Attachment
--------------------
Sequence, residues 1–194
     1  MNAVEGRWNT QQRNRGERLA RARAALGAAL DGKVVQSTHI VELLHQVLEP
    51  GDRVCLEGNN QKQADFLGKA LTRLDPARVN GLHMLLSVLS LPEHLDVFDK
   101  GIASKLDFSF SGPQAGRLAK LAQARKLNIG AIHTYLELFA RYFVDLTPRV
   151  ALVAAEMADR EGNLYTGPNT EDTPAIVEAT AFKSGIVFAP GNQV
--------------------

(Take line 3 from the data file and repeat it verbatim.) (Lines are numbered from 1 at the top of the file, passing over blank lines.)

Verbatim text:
    51  GDRVCLEGNN QKQADFLGKA LTRLDPARVN GLHMLLSVLS LPEHLDVFDK